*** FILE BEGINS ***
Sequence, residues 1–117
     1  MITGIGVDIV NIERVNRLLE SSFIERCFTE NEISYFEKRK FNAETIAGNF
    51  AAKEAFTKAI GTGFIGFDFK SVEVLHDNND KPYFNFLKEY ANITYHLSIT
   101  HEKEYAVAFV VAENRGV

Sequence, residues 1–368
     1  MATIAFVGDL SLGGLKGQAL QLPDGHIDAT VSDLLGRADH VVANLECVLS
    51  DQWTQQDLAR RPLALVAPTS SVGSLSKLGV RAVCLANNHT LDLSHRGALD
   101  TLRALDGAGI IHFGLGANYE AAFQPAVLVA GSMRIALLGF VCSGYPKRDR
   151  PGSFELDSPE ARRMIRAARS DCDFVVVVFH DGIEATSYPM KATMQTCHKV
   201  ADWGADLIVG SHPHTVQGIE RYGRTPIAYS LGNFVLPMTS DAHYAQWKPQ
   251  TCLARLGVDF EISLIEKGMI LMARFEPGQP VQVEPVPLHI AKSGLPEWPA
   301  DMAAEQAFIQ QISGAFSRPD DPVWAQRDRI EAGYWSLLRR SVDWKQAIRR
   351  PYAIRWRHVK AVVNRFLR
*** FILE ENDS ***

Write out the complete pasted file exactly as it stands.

Sequence, residues 1–117
     1  MITGIGVDIV NIERVNRLLE SSFIERCFTE NEISYFEKRK FNAETIAGNF
    51  AAKEAFTKAI GTGFIGFDFK SVEVLHDNND KPYFNFLKEY ANITYHLSIT
   101  HEKEYAVAFV VAENRGV

Sequence, residues 1–368
     1  MATIAFVGDL SLGGLKGQAL QLPDGHIDAT VSDLLGRADH VVANLECVLS
    51  DQWTQQDLAR RPLALVAPTS SVGSLSKLGV RAVCLANNHT LDLSHRGALD
   101  TLRALDGAGI IHFGLGANYE AAFQPAVLVA GSMRIALLGF VCSGYPKRDR
   151  PGSFELDSPE ARRMIRAARS DCDFVVVVFH DGIEATSYPM KATMQTCHKV
   201  ADWGADLIVG SHPHTVQGIE RYGRTPIAYS LGNFVLPMTS DAHYAQWKPQ
   251  TCLARLGVDF EISLIEKGMI LMARFEPGQP VQVEPVPLHI AKSGLPEWPA
   301  DMAAEQAFIQ QISGAFSRPD DPVWAQRDRI EAGYWSLLRR SVDWKQAIRR
   351  PYAIRWRHVK AVVNRFLR